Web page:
Stop Doing Extra Low-Back Work

by Paul Carter

In most cases, it won't help you increase your deadlift. In fact, it could be the cause of your problem. Here's why and what to do instead.

The spinal erectors have the longest recovery time of any muscle group. The deadlift and squat both tax the low back to significant degrees. And if you’re also doing things like front squats and stiff-legged deadlifts or farmer’s walks or… well you get the point. There’s literally no reason to tack on direct low-back work like hyperextensions and such.

In fact, doing such work could be the very issue with the deadlift plateau you’re experiencing. This is why I suggest squatting and deadlifting on the same training day during the week. It gives the low back ample recovery time during the rest of the week.

Do This Instead

Build your upper back, lats, and hams. Show me a guy with a big deadlift and I’ll show you a dude that can chin and row big too. Sure, there will be some really fat guys that can pull big and not do chins, but the average dude will need to build strength in the entire upper back if he wants to deadlift big weights.

What lifts should you use for your lats and back? Pick ones that allow for a high degree of progressive overload and ones you really enjoy doing. It’s up to you to figure these things out through experience.

As for hamstrings, I went with the stiff-legged deadlift (from a big deficit) and the good morning during my powerlifting career.

Stiff Leg Deadlift From Deficit

Good Morning

I trained these with completely different modalities. I found that the stiff-leg deads were something I could push the loading on, but I kept the good mornings light and focused on the stretch.

No other lift built my posterior chain like stiff-leg deads from a 4-inch deficit. From the upper back to erectors to hamstrings, this was my “go to” for total posterior chain smashing. I eventually worked up to over 600 pounds for reps on these.

With good mornings I kept the loading in the 185-225 pound range, even when my deadlift was consistently over 700. That’s the contrast in how you should be approaching loading if you choose to include these two lifts as part of your deadlift program.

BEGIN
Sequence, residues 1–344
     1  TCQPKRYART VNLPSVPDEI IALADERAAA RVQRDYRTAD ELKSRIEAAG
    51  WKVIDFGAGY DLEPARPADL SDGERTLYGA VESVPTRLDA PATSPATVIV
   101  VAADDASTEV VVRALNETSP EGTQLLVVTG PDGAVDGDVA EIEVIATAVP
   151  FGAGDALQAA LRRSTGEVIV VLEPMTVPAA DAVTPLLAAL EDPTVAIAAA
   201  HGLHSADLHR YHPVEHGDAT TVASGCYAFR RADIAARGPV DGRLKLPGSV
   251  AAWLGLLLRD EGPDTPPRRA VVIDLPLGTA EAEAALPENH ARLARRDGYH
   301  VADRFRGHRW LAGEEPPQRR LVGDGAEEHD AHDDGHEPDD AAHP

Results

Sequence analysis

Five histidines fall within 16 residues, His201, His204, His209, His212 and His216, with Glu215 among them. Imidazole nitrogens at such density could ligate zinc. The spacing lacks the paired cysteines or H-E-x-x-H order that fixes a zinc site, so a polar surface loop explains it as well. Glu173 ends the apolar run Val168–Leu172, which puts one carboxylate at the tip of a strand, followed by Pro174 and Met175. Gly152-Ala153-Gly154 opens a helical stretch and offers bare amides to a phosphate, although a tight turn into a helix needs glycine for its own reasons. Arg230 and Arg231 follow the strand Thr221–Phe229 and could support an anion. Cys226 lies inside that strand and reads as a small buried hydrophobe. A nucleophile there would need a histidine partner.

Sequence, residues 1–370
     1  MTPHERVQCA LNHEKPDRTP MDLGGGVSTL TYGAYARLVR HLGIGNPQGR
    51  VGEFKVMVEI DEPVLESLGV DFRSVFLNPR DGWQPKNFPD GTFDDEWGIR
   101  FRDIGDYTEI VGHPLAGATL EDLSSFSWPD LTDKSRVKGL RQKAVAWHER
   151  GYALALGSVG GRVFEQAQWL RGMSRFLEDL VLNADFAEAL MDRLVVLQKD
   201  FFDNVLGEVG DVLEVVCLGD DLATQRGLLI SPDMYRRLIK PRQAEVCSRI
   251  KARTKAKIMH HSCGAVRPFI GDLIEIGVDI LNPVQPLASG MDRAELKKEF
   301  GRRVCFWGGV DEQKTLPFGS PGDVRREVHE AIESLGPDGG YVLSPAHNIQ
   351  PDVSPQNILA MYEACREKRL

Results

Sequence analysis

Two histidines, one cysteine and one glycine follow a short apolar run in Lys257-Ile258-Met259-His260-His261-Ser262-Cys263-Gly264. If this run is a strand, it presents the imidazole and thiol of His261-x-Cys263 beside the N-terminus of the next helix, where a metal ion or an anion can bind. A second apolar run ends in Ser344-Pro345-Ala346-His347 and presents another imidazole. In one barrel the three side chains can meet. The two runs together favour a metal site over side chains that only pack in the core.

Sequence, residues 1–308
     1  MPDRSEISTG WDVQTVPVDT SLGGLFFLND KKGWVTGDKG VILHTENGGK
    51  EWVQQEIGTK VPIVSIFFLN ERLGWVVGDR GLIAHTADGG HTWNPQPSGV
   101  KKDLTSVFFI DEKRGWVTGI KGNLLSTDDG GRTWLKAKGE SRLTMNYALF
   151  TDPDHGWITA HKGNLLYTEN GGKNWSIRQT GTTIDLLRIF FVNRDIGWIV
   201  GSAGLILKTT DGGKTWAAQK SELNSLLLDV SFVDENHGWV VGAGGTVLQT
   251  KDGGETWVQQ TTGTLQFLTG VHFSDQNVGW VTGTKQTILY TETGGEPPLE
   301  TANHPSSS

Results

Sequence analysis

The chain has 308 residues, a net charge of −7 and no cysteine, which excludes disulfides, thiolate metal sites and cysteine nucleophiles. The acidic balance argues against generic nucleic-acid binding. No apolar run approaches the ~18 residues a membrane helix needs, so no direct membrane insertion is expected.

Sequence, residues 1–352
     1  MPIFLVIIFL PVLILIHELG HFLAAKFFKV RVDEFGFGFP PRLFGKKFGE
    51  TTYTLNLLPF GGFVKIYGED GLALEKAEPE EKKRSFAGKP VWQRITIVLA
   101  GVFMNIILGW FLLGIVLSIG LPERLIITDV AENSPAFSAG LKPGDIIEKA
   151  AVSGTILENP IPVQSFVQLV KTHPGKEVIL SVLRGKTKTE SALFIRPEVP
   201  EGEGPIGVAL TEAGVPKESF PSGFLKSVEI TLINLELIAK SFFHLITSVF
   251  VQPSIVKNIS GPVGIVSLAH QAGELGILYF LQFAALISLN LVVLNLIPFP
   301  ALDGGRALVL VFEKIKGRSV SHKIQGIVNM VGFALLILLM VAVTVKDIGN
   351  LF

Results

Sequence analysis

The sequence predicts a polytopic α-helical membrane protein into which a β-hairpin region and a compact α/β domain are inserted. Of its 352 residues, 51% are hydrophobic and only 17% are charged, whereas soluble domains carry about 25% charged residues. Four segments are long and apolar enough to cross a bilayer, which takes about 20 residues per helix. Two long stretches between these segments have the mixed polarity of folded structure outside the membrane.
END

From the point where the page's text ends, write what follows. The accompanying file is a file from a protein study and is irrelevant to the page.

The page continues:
1 Like

I know this is an old article, but goddamn does it have some great info in it. I especially love this piece

I, legit, had a poster refer to me as “evil” for even suggesting that this was possible for a trainee: that I was creating unreasonable and false hope for recovery abilities. I have to really chuckle about that given the context, haha. It makes SO much sense to just blow it all out on one day and spend the rest of your time recovering vs just hammering yourself over and over. We see this with Jim Wendler’s 5/3/1 approach as well: he talks about “owning the movement” for that day and training it just once a week with BBB and many other programs. The alternative would be to use Dan John’s “Easy Strength” approach, where you’re never pushing the loads even CLOSE to failure so you can accumulate a lot of quality reps. But trying to walk in between that is poison.

The deficit SLDL and the good morning DEFINITELY need more love in training. These are some old school moves that built some old school strength, and have fallen out of fashion over this fear of safety that really seems to misunderstand the real risks out there in training. A back CAN be strong in these positions: especially if we train it to be that way.